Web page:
Do I remember where I was? Sure. I was in my bedroom watching TV. It was the early hours of Sunday morning, a sultry late summer’s night.
The newsflash showed the mouth of a Parisian underpass, its concrete surrounds illuminated by the pulsing lights of emergency vehicles. “FATAL PARIS CAR CRASH. Princess Diana seriously hurt.”
At the time, Diana was arguably the most famous woman on the planet. She had married Prince Charles, heir to the British throne, just a few months after I was born, and her fame had endured at that rarefied pitch all my life. But the true dimensions of the shock were as yet unfelt; I didn’t even bother kicking my friends, catatonic on the sofa beside me, to impart the news.
Television archives still bear witness to the days that followed as most of us experienced them—through the still-nascent medium of rolling news. The BBC newscast at 7 a.m. that morning opened with an image of a billowing British flag flying at half-mast, and a lento rendition of “God Save the Queen.”
A stonefaced news anchor, Martyn Lewis, opened with the headline: “This is BBC Television from London. Diana, Princess of Wales, has died after a car crash in Paris.”
Lewis’s broadcast shift lasted six and a half hours. By the time he came off air, the whole United Kingdom knew that its most famous daughter was dead, and whatever other issues had preoccupied the country twenty-four hours earlier were lost in the wind.
Books of condolence, often placed on borrowed church lecterns, appeared outside pubs. Crowds of somber people queued in silence, heads bowed, to emote and sign. Great drifts of flowers swelled at the gates of Buckingham and Kensington Palaces. For a week, the entire nation was consumed by the kind of overwrought display of public grief one might ordinarily associate with the mourning of a North Korean autocrat.
Now, Diana Spencer was, I’m sure, a decent, kindhearted human being. Many of her actions over the course of her life, and the eulogies of those who knew her, attest to that. But what drew the rubberneckers in the days after her dramatic death was that she was posh and pretty, vulnerable and demure. Years of media obsession had made of her something altogether more potent than your everyday celebrity: an icon of the national narrative, and an irresistible protagonist in the country’s longest-running soap opera, the beleaguered and ill-starred heroine of “The Royal Family.”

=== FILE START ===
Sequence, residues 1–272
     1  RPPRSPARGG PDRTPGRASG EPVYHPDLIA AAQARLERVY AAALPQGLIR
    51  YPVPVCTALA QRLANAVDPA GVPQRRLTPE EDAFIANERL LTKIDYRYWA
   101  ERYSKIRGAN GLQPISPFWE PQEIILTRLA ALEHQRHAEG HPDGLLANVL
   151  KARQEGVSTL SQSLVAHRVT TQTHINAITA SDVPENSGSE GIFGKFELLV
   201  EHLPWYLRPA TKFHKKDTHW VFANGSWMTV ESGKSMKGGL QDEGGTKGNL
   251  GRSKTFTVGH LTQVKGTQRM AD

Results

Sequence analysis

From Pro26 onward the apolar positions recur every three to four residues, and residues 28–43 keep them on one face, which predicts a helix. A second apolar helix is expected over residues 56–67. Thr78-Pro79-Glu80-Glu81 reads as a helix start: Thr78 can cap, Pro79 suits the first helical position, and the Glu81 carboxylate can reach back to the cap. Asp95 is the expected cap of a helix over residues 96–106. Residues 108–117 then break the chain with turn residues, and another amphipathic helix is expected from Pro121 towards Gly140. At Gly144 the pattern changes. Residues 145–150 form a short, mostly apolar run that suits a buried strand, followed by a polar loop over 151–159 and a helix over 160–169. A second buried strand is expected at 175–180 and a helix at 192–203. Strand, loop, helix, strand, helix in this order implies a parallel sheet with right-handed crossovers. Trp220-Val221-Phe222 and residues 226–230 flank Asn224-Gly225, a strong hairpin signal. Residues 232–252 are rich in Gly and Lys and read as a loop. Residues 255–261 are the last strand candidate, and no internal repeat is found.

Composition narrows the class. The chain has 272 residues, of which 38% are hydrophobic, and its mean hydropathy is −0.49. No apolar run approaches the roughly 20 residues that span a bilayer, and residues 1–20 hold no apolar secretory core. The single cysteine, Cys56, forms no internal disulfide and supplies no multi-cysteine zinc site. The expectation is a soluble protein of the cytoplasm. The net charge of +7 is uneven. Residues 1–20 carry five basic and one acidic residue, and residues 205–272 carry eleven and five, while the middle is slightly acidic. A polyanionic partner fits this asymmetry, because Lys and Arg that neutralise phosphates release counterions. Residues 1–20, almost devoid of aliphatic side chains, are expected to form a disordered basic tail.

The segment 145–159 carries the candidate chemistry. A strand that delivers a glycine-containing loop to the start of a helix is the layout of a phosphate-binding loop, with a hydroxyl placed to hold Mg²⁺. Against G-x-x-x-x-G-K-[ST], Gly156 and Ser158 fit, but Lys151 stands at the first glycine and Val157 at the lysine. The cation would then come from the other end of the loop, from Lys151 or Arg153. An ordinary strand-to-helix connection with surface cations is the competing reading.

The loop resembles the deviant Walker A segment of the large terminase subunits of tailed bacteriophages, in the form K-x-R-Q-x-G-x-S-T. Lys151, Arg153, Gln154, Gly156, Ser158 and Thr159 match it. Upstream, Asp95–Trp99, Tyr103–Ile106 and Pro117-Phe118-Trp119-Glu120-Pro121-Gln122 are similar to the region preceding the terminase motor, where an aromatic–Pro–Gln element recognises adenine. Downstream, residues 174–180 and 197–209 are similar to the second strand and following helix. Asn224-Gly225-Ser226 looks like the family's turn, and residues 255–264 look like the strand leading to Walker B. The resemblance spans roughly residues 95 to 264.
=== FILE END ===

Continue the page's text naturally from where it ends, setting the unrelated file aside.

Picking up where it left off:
Another video, this time of the funeral. A million people line the route of the cortege, and tens of thousands crowd Hyde Park to watch the coverage on giant screens. Tear-streaked faces. Hunched shoulders. Flowers raining down on the passing hearse. A nation visibly luxuriating in grief.
Meanwhile, I wasn’t grief-stricken. I was bewildered. At root, I suppose I felt that the images were an affront to the pain of authentic loss. My father died when I was four years old. And while I had determined pretty early on that there was little to be gained in obsessing over that misfortune, it was integral to my sense of self. Because of that, perhaps, there was something about the wailing, contagious anguish that felt out of place and even offensive to me and, I suspect, to those like me, who understood from experience the nature of the real tragedy—not the television one—that had just enveloped Diana Spencer’s family and friends.